I have tried to find the words that do this film justice but I still don’t think I have. Rest assured though, this is the most enjoyable Coens movie to date and an instant cult classic that wll take one hell of a film to topple it from my #1 spot.

Included in My Top Ten films.

Mark Walker


7 Responses to “The Big Lebowski * * * * *”

  1. I agree with everything you said in your review. It is number 16 on my top 50 movies.


  2. Great review. This hilarious movie is among my top 5 all-time favorites. Bridges and Goodman are perfect.


    • Glad to hear it’s in your top 5 Fernando. That’s some damn fine taste you have sir. It’s been my favourite film since it was released and no matter how many more films I ever see, I seriously doubt it’ll ever be omitted from my top 5. I wonder if it’ll even ever be bettered for my favourite film. If any film does replace it, I’d imagine only the Coens could better it.


  3. wommmbat Says:

    Shut the fuck up Donny!


  4. Loved your review. As you know, I watched this yesterday upon your several recommendations. I really enjoyed it. It wouldn’t get my number one placement, but I guess my parents and my sister all got very annoyed by how hard I was laughing (we were on the road and I was watching it on my iPod Touch).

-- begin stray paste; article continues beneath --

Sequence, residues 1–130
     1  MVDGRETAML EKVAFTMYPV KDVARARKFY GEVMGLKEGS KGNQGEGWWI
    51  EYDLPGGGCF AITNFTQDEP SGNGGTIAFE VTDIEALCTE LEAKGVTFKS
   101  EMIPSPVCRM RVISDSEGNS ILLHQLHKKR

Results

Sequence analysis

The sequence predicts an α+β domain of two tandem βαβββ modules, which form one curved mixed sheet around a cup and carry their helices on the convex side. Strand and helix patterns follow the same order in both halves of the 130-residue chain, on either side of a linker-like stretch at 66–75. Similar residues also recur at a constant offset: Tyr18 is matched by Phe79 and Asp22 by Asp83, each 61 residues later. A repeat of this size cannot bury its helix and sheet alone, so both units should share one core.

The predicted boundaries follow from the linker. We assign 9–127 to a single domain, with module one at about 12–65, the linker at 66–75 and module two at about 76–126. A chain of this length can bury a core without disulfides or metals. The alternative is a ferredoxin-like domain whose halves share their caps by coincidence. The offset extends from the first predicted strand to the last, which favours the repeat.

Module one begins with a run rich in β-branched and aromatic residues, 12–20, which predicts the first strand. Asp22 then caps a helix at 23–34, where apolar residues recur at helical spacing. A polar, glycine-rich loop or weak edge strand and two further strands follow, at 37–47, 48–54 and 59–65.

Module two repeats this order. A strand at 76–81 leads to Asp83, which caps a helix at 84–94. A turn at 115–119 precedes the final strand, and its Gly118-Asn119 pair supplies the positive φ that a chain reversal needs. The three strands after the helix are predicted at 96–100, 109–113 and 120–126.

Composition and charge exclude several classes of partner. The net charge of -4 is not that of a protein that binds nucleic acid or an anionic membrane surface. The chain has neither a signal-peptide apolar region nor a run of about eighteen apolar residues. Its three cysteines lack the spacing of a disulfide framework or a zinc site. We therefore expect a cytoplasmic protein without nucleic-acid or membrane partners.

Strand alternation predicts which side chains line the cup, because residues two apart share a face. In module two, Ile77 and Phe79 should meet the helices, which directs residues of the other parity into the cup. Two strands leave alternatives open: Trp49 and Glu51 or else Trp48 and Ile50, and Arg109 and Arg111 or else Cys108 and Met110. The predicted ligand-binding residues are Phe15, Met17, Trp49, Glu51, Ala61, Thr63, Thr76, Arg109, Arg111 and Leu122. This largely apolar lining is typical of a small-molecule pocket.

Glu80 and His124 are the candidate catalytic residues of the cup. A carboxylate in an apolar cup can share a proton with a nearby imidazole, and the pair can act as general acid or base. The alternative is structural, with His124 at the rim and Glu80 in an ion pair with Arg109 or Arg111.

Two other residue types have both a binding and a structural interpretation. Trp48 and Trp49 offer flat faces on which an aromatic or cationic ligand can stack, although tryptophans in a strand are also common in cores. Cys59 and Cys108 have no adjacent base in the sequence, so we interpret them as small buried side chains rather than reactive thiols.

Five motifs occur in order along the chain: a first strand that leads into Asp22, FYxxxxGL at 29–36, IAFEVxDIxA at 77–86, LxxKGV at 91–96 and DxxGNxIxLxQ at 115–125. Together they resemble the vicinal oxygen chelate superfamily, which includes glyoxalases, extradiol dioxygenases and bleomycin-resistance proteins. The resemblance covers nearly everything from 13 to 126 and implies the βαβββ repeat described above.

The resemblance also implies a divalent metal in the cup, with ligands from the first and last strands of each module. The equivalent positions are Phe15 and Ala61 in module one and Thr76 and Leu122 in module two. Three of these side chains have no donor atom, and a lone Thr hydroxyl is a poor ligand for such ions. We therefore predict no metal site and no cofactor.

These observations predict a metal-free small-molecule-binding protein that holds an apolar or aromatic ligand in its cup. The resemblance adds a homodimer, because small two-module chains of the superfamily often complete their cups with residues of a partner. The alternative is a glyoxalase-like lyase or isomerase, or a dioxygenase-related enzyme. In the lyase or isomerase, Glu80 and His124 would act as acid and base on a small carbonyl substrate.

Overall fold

You may enjoy my most recent Tweet, as well:
    “The difference between Big Lebowski fandom and Dudeism is the difference between “f###in’ A!” and “f###in’ Amen!”

    Yeah, I ordained myself into Dudeism (is that pronounced “Judaism” with a “d”?). Loved the email I got for confirmation and how faithful it stayed to the film’s goofy humor. “Abidingly, The Dudely Lama” haha!!

    My review’s up if you want to read it.


    • Aaah! Glad you enjoyed it Alexander and also glad you’re now a Dudeist priest. (as far as I’m aware it’s just pronounced as it is – “Dude-ist”) trust me though, the more you watch this, the more of the subtle references and humour will jump out. This film is just loaded with detail. I’ll check your review out later when I get a chance my man.